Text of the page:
A desk-less classroom can be a scary idea, but I decided to try it out because there were a few things I disliked about desks. Students can easily hide food or toys in their desks to play with during a lesson, the desk compartments get messy, and most arrangements used every inch of my floor-space. I wondered if substituting tables for desks could help eliminate these problems.
In addition, I wanted to do a lot of group projects, particularly in Science class. Tables make it easier to set up experiments and allow students to work together. I also felt it could help in my multi-grade classroom. When my aide pulled 5th grade out for certain subjects, tables would let me move all my 4th grade students together easily.
When I made the change, the classroom felt much more spacious with only 6 tables instead of 25 clunky desks. I had a couple of small tables and one student desk in the corners for times when a student felt they needed to sit alone. I also had privacy partitions that students could place at their table to prevent distraction. Occasionally I did have to move students to different tables, just like in a desk classroom, but I only had to move a name tag instead of moving a heavy desk.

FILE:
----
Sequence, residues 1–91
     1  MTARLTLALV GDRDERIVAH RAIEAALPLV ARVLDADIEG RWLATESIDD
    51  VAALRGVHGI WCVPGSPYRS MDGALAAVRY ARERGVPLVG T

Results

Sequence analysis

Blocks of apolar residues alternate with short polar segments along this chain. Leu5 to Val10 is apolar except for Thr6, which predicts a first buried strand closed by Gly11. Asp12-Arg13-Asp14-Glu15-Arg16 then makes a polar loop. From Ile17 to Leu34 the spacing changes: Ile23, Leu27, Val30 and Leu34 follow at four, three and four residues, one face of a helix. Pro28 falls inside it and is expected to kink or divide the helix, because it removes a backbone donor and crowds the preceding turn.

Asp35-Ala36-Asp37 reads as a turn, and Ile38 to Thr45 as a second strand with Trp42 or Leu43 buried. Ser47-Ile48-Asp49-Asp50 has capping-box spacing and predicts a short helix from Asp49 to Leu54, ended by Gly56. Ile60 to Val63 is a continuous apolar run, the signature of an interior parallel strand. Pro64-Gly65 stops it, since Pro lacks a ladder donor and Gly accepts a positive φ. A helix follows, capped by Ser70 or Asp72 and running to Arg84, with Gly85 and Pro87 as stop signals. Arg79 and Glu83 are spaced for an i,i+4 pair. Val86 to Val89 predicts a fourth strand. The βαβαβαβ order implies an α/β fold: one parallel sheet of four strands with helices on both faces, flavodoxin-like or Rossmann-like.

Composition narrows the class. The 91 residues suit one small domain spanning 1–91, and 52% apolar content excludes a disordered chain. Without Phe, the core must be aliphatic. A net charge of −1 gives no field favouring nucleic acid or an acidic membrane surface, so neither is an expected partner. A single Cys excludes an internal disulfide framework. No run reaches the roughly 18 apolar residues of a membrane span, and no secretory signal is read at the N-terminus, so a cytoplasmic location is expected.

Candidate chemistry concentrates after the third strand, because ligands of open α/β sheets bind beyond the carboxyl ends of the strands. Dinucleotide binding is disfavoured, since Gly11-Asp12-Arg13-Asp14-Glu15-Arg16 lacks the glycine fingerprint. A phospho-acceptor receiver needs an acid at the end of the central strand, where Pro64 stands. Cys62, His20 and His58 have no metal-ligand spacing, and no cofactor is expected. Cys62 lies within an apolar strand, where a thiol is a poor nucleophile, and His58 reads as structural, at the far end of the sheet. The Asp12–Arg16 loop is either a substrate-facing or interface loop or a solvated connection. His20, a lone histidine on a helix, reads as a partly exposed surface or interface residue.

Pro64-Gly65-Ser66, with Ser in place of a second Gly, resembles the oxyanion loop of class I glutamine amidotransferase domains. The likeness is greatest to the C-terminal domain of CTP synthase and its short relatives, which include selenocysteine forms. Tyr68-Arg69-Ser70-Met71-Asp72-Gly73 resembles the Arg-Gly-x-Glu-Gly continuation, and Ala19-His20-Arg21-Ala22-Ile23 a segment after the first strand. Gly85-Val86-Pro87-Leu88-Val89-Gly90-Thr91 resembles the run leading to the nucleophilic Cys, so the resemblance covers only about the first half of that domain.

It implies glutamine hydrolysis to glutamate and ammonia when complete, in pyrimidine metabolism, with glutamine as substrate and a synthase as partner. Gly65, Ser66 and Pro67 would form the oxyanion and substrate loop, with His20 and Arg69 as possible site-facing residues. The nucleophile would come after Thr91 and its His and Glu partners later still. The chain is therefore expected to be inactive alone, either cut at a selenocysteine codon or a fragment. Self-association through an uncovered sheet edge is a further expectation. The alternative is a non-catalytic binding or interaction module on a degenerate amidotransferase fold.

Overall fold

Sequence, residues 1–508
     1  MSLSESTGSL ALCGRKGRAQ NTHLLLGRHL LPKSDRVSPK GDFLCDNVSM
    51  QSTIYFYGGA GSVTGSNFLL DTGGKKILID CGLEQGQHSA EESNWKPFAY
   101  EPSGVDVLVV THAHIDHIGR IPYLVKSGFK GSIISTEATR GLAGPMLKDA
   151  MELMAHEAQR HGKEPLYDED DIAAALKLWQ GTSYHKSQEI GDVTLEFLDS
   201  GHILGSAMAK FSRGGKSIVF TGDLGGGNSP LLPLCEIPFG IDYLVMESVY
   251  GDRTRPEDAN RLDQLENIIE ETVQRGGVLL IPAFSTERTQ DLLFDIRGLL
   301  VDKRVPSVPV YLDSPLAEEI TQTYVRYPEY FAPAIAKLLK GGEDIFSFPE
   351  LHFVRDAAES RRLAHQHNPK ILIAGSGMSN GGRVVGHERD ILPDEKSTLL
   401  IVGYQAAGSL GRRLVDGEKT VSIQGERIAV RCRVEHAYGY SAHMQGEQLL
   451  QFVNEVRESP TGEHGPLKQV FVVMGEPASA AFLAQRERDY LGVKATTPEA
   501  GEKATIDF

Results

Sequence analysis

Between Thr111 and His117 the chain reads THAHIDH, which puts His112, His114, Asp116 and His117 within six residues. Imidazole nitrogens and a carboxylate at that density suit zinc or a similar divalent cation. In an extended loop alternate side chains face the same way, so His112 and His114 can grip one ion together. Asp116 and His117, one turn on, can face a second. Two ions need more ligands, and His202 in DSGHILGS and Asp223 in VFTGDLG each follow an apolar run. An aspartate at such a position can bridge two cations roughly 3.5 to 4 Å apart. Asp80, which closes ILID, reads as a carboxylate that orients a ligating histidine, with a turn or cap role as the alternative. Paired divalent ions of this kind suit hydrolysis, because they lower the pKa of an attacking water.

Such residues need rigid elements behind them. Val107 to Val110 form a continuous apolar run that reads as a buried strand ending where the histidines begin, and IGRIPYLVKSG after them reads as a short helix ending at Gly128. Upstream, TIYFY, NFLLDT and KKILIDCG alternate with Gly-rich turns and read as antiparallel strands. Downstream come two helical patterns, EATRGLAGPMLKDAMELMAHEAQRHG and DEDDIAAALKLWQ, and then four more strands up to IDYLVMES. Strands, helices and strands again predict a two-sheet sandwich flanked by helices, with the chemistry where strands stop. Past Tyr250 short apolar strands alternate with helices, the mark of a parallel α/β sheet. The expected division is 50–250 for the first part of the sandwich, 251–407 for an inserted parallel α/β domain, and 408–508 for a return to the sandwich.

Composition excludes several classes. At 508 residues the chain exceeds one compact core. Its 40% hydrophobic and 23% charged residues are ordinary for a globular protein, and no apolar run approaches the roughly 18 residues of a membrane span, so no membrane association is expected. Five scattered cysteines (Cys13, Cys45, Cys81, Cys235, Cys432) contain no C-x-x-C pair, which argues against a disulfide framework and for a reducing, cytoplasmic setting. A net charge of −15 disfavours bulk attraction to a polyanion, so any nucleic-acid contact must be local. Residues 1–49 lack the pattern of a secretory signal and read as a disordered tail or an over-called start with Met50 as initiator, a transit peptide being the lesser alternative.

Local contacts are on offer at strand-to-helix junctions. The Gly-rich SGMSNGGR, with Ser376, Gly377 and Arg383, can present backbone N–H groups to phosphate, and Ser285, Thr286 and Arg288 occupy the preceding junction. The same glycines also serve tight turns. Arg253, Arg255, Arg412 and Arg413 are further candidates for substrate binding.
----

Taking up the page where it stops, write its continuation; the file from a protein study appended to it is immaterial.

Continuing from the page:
Losing desk storage space did mean that I had to provide a new space for storing supplies. To cut down on storage, we had community supplies instead of personal supplies. Each table had a basket of pencils, crayons, scissors, and erasers. Small bookshelves and plastic sliding drawers worked well for storing textbooks and notebooks. Although students had to leave their table to grab their books, which took time, it gave students an opportunity to stand up and move around. The table group was in charge of keeping the pencils sharpened and the table area neat. I also gave students incentives for keeping their area clean. My classroom stayed much cleaner with tables than it ever did with desks!
One issue that concerned me was the amount of talking that table groups allow. I felt like I was setting my students up for social time instead of learning time. To prevent this problem, we practiced scenarios so they knew the signs that I needed their attention and they learned when they could talk and when they needed to be silent. Although group projects could get quite loud, classroom echo responses worked well to get their attention.
I expected that at some point I would no longer find tables enjoyable or workable in my classroom. Instead I continued to enjoy them throughout the year. I am glad that I had the courage and support to try using tables. Tables may not be a good fit for all classrooms, but they can be a good option. If you are not entirely happy with classroom desks, don’t be afraid to try something different! You may be pleasantly surprised.